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All conventional light sources modulate luminous flux and intensity to some degree, usually as a consequence of drawing power from AC mains sources. Many terms are used when referring to this time variation, including “flicker,” “flutter,” and “shimmer.” The Illuminating Engineering Society of North America (IES) Lighting Handbook defines flicker as “the rapid variation in light source intensity.” The periodic waveform that usually characterizes flicker can be principally described by four parameters: its amplitude modulation (i.e., the difference between its maximum and minimum levels over a periodic cycle), its average value over a periodic cycle (also called the DC component), its shape or duty cycle (the ratio between the pulse duration and the period of a rectangular waveform), and its periodic frequency (i.e., the number of recurring cycles per second).

Flicker is garnering increasing attention from lighting designers and specifiers, the standards and specification community, and, consequently, lighting manufacturers. An Institute of Electrical and Electronics Engineers group has developed a rec­ommended practice for evaluating flicker risks, and ENERGY STAR® and California’s Title 20 are requiring the reporting of flicker performance and/or consider­ing the adoption of flicker criteria. Some manufacturers appear to be giving flicker increased design prior­ity, as evidenced by the improved performance of new product generations.

An understanding of why flicker matters and how much it varies across commercially available products is increasingly becoming essential to proper lighting design. Specifying the right product for a given application and risk sensitivity further requires the ability to quantitatively characterize flicker. At this time, however, there is no standardized test procedure for measuring photometric flicker from light sources, and manufacturers rarely report flicker characteristics.

Ideally, a test and measurement procedure would facilitate the capture of light-source intensity or luminance over time and potentially describe how to characterize periodic waveform characteristics (e.g., amplitude modulation, shape or duty cycle, frequency) using one or more metrics, and how to identify aperiodic characteristics. Both the IES Testing Procedures Committee and International Commission on Illumination (CIE) Technical Committee 1-83: Visual Aspects of Time-Modulated Lighting Systems are considering the development of standardized test and measurement procedures for flicker.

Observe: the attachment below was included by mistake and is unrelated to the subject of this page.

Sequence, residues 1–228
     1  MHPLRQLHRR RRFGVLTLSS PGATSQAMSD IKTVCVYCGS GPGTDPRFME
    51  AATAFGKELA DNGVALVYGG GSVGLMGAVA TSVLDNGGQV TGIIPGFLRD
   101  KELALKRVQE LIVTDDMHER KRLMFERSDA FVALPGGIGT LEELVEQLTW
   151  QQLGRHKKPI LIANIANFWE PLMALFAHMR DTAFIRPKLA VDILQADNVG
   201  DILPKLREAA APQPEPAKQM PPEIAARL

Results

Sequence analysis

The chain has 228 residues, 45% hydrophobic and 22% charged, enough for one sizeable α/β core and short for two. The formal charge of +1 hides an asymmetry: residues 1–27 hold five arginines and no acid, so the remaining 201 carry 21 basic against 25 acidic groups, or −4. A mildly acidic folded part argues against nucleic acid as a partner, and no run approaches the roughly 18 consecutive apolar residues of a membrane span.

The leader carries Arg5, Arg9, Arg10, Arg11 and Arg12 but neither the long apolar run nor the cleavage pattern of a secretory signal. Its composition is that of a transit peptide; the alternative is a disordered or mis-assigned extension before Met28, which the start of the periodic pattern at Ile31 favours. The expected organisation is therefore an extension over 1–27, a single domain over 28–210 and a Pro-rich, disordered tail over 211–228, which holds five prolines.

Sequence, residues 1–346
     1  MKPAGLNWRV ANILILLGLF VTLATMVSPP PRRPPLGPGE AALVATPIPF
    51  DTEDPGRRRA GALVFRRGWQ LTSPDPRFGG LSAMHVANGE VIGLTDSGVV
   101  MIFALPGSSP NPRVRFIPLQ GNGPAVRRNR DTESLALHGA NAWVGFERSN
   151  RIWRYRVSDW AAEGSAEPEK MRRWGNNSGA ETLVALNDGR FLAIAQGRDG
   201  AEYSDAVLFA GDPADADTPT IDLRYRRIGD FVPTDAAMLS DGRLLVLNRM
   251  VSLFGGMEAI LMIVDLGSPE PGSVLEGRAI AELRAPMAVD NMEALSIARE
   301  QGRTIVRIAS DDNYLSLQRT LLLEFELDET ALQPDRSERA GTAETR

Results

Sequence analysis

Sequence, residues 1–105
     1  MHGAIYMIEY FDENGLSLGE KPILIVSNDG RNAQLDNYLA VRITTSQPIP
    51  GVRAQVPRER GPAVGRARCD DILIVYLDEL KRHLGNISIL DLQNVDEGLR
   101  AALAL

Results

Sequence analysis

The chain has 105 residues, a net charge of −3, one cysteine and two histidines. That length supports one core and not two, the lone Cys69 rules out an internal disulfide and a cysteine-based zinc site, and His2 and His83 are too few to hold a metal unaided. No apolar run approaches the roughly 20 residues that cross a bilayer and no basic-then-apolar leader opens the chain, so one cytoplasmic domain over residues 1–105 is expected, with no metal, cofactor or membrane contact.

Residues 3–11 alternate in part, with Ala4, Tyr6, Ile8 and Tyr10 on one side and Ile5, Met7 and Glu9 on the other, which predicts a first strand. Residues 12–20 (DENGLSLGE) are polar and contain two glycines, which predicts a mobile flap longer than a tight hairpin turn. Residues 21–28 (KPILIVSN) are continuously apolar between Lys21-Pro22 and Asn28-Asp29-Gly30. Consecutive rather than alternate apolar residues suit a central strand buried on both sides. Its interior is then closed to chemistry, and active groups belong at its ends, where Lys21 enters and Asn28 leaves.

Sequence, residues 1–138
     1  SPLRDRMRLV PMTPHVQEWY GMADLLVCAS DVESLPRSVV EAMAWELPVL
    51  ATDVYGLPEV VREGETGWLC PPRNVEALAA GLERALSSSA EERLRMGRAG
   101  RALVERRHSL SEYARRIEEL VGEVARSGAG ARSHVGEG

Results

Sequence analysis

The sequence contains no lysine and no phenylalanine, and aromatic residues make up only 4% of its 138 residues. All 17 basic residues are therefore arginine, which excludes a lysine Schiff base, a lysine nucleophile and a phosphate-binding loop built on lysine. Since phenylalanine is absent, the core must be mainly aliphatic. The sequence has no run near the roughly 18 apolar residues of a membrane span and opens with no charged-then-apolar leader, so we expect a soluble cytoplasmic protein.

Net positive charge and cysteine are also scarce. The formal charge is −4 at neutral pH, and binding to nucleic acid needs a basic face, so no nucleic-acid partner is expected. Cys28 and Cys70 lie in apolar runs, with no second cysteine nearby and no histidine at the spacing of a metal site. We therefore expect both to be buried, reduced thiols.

In February 2016, DOE published a report on the performance of three emerging flicker meters. The purpose of the study was to help specifiers determine the flicker behavior of lighting products, and to accelerate the development of standard test and measurement procedures. The results and analysis show that the commercial meters measured light-intensity waveforms and calculated essential flicker performance characteristics and metrics similarly, both to each other and to a reference photoelectric characterization system. Some differences in performance were found, however, when measurements were taken of light-intensity waveforms with significant high-frequency content greater than the dominant 120 Hz found in many products at full output. If the meter was not appropriately configured, or if proper configuration was not possible given meter constraints, then the waveform characteristics were not accurately captured, often resulting in the calculation of flicker metrics that deviated significantly from the reference.

Metrics and Test Methods


2016 Report: Characterizing Photometric Flicker

2013 Technology Fact Sheet: Flicker

2015 CALiPER Report  22.1: Photoelectric Performance of LED MR16 Lamps

2014 CALiPER Report 20.2: Dimming, Flicker, and Power Quality Characteristics of LED PAR38 Lamps

2013 CALiPER Exploratory Study: Recessed Troffer Lighting

2014 CALiPER Retail Lamps Study 3.1: Dimming, Flicker, and Power Quality Characteristics of LED A Lamps

2012 Presentation: LED Dimming: What You Need to Know

2014 Presentation: SSL Flicker Fundamentals and Why We Care

2015 Presentation: Flicker: Understanding the New IEEE Recommended Practice

IEEE Standard 1789-2015: IEEE Recommended Practices for Modulating Current in High-Brightness LEDs for Mitigating Health Risks to Viewers

2010 Conference Abstract: LED Lighting Flicker and Potential Health Concerns: IEEE Standard PAR1789 Update

1989 Journal Abstract: Fluorescent Lighting, Headaches and Eye-Strain

1995 Journal Article: Modulation of Fluorescent Light: Flicker Rate and Light Source Effects on Visual Performance and Visual Comfort

2012 Report: ASSIST Recommends… Flicker Parameters for Reducing Stroboscopic Effects from Solid-State Lighting Systems

2015 International Electrotechnical Commission Technical Report 61547-1: Equipment for General Lighting Purposes - EMC Immunity Requirements - Part 1: An Objective Voltage Fluctuation Immunity Test Method

2014 Presentation: Objective Testing of Flicker and Stroboscopic Effects Resulting from Mains Voltage Fluctuations

2014 Journal Article: Modeling the Visibility of the Stroboscopic Effect Occurring in Temporally Modulated Light Systems